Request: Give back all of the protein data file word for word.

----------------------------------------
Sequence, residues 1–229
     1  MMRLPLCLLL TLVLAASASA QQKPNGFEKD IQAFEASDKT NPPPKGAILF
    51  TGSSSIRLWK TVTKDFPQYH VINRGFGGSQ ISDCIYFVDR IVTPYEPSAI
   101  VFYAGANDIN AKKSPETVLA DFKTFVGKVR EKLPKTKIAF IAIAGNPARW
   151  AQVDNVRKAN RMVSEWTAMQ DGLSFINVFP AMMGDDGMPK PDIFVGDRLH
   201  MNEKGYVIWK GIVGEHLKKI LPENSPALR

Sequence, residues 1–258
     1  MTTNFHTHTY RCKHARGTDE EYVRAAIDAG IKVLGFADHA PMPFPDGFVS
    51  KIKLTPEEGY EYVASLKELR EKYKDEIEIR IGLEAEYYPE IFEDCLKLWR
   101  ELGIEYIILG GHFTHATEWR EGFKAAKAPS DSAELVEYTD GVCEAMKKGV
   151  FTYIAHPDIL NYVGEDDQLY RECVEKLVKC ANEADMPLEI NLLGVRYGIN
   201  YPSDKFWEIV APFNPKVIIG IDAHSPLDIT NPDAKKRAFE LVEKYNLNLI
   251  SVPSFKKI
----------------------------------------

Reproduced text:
Sequence, residues 1–229
     1  MMRLPLCLLL TLVLAASASA QQKPNGFEKD IQAFEASDKT NPPPKGAILF
    51  TGSSSIRLWK TVTKDFPQYH VINRGFGGSQ ISDCIYFVDR IVTPYEPSAI
   101  VFYAGANDIN AKKSPETVLA DFKTFVGKVR EKLPKTKIAF IAIAGNPARW
   151  AQVDNVRKAN RMVSEWTAMQ DGLSFINVFP AMMGDDGMPK PDIFVGDRLH
   201  MNEKGYVIWK GIVGEHLKKI LPENSPALR

Sequence, residues 1–258
     1  MTTNFHTHTY RCKHARGTDE EYVRAAIDAG IKVLGFADHA PMPFPDGFVS
    51  KIKLTPEEGY EYVASLKELR EKYKDEIEIR IGLEAEYYPE IFEDCLKLWR
   101  ELGIEYIILG GHFTHATEWR EGFKAAKAPS DSAELVEYTD GVCEAMKKGV
   151  FTYIAHPDIL NYVGEDDQLY RECVEKLVKC ANEADMPLEI NLLGVRYGIN
   201  YPSDKFWEIV APFNPKVIIG IDAHSPLDIT NPDAKKRAFE LVEKYNLNLI
   251  SVPSFKKI